In the latest update from the Hellenic Centre for Disease Control and Prevention (KEELPNO) this week, officials now report since the beginning of 2017, 2591 measles cases, including three deaths.
The highest frequency has been observed in South Greece.
The outbreak mostly affects people of Greek nationality (mainly young Roma children, as well as Greek adults mainly aged 25-44 years old) susceptible to measles, among them healthcare professionals who were unvaccinated or partly vaccinated. More cases are expected to be laboratory confirmed in the near future, and an increase of cases as well as spread in other geographical areas cannot be excluded.
West Nile virus
According to findings presented at the 28th European Congress of Clinical Microbiology and Infectious Diseases this week by researchers from the University of Athens Medical School, West Nile virus (WNV) reemerged and spread to new territories of Greece in 2017 following a two-year hiatus in reported human cases.
During this reemergence, in the summer and early autumn of 2017, researchers diagnosed 45 cases from blood samples and cerebral spinal fluid from 180 patients who had symptoms and signs that probably indicated WNV. Prof. Athanassios Tsakris, who is head of the Microbiology Department at the University of Athens Medical School, and his team of researchers analysed the reemergence and presented the findings.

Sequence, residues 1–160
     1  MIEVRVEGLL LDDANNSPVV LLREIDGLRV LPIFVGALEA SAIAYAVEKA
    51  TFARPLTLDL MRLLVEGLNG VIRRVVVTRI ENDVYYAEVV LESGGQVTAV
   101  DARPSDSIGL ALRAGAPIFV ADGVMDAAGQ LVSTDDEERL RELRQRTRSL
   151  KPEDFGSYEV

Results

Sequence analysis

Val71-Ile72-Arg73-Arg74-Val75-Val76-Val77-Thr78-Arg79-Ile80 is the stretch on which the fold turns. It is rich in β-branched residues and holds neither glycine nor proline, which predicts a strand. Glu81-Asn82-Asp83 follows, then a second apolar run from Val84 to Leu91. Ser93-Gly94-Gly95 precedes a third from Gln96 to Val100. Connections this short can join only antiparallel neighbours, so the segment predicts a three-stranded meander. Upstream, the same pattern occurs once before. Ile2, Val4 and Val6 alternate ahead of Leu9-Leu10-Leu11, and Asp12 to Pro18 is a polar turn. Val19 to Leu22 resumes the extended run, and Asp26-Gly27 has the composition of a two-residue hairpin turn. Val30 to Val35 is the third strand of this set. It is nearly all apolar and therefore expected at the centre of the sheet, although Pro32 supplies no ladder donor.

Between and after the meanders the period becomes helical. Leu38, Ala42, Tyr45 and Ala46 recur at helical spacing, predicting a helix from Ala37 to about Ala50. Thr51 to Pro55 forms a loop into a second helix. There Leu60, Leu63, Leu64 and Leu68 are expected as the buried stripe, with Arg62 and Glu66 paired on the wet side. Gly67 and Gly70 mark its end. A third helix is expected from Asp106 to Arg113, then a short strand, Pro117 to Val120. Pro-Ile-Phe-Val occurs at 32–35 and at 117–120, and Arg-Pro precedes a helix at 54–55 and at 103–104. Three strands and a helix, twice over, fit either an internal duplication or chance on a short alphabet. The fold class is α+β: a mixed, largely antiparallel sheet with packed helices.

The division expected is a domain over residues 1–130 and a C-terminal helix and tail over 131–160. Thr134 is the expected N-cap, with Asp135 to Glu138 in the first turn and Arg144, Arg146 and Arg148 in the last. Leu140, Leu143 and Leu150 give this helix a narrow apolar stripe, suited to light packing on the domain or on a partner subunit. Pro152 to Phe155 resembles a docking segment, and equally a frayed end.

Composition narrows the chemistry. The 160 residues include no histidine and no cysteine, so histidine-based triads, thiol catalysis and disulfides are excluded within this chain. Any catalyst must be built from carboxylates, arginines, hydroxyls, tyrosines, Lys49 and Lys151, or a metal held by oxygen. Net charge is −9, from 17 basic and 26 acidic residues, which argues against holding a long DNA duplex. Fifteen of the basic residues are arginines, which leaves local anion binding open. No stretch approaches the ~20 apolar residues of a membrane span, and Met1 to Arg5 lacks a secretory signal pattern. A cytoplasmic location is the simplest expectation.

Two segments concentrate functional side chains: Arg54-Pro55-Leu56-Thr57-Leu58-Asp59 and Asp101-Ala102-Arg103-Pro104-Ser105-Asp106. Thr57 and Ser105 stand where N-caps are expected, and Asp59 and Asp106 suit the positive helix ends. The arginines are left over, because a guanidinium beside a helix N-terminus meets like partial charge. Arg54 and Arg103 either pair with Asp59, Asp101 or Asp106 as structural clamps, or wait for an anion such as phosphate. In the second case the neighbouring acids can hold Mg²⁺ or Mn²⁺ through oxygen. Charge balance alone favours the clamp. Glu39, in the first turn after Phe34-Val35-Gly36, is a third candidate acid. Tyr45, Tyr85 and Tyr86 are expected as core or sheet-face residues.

The researchers diagnosed 26 patients, or 57.8% of the new cases, with WNV neuroinvasive disease. They characterized the remaining 19 patients, or 42.2%, with WNV fever. The age of patients diagnosed with the neuroinvasive disease ranged from 15 to 91, with a median age of 63. Elderly patients with underlying diseases were particularly affected. Of the five patients who died (19.2% of those with neuroinvasive disease), all were older than 70.
All new cases emerged from southern Greece and most were reported in regions that had not been affected before. Of the 45 confirmed cases, 40 were in new territories: 37 in Argos and three in Corinthia prefecture. One case was reported in Crete and the remaining four were reported from previously affected prefectures of northwestern Peloponnese. Researchers analysed geographical data of the areas affected by the virus and concluded that Greece’s landscape, such as natural and constructed wetlands, seem to influence the transmission and rate of new cases.
Prof. Tsakris says: “The reemergence of WNV after a two-year hiatus of reported human cases and its subsequent geographic expansion in newly affected areas demonstrates that Greece provides the appropriate ecological and climatic conditions for WNV circulation. The virus has been established in Greece and disease transmission may continue in the future.”
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